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Writer Katori Hall remembers the legendary Tina Turner

The playwright responsible for the book of “Tina: The Tina Turner Musical” shares her memory of the Queen of Rock ’n‘ Roll.

(L-R) Katori Hall and Tina Turner (Credit: Courtesy of Polk & Co.)

That voice — cured in southern soil fertilized by the blood of a people well acquainted with the wails of loss. That story — a whisper turned into a roar. That hair — always one of one. And them legs, oh them legs, so long they could run their way into tomorrow. There is the musical genius we call the Queen of Rock and Roll Tina Turner, and there is the little Black girl born Anna Mae Bullock. I count myself blessed to have danced with both.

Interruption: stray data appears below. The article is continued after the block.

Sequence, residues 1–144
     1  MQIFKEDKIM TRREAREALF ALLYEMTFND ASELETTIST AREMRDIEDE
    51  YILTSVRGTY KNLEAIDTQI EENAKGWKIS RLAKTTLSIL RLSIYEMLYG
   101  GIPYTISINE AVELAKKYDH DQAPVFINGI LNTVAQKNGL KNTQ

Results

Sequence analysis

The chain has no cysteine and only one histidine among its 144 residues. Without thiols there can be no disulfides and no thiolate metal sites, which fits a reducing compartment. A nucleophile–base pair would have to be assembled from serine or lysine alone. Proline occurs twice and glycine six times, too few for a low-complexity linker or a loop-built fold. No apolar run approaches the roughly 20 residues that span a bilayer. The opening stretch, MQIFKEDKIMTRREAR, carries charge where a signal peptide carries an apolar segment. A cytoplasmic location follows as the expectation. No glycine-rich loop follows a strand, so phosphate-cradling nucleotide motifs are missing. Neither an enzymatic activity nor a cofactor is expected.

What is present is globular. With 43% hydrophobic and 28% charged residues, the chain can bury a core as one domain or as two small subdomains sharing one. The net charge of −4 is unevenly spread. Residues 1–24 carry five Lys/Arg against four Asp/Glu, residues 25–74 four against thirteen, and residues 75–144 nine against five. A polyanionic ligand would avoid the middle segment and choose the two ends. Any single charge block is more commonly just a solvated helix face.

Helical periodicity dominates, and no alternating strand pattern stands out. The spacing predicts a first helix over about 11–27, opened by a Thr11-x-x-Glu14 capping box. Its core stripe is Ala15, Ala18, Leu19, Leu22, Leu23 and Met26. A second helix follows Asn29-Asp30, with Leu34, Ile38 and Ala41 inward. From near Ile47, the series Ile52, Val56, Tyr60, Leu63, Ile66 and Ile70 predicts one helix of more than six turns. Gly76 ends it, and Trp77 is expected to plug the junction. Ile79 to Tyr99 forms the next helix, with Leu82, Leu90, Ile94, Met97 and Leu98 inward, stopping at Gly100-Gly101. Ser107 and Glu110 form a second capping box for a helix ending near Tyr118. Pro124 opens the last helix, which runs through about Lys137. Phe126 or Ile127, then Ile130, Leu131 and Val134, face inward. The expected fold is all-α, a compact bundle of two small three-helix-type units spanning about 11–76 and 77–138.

“You must be pregnant.” I don’t know if that was Tina Turner or Anna Mae talking to me. Methinks it was the latter, as I felt totally at home chatting with this sister-girl from the South. No subject matter was off limits during our interview-turned-kiki at her home in Switzerland. As a book-writer I had been tasked with the impossible — to help retell her triumphant comeback story in musical theater form while weaving in over 20 iconic songs. You see, five hours in, nausea was rising with the setting of the sun, but I promptly waved away the pregnancy possibility as jetlag and pressed on as we talked about it all. The music. The pain. The questions left unanswered. The prayers, too.

It was her candidness and fierce transparency that allowed us to work together with such ease.  The countless hours I spent talking to her reshaped “Tina: The Tina Turner Musical” into an emotional juggernaut of tears and triumph. There is something magical when our heroes are as relatable as they are untouchable, as human as they are immortal.

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